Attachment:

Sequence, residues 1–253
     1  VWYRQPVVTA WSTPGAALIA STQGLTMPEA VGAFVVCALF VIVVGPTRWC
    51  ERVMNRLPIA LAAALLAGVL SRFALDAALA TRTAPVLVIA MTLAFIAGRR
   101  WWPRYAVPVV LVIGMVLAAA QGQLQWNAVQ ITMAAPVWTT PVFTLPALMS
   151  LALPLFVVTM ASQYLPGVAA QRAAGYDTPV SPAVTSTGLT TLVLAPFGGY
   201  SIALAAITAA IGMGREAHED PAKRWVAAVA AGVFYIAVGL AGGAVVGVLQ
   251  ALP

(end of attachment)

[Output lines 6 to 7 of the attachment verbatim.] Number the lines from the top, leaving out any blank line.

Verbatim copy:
   201  SIALAAITAA IGMGREAHED PAKRWVAAVA AGVFYIAVGL AGGAVVGVLQ
   251  ALP